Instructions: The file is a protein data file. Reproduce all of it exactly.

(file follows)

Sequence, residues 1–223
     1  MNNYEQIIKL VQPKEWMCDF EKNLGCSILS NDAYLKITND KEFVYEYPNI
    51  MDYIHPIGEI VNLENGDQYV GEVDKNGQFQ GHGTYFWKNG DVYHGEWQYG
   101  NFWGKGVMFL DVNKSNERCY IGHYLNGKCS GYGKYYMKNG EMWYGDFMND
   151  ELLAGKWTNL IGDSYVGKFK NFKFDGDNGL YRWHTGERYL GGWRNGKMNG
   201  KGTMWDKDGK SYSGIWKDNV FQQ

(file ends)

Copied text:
Sequence, residues 1–223
     1  MNNYEQIIKL VQPKEWMCDF EKNLGCSILS NDAYLKITND KEFVYEYPNI
    51  MDYIHPIGEI VNLENGDQYV GEVDKNGQFQ GHGTYFWKNG DVYHGEWQYG
   101  NFWGKGVMFL DVNKSNERCY IGHYLNGKCS GYGKYYMKNG EMWYGDFMND
   151  ELLAGKWTNL IGDSYVGKFK NFKFDGDNGL YRWHTGERYL GGWRNGKMNG
   201  KGTMWDKDGK SYSGIWKDNV FQQ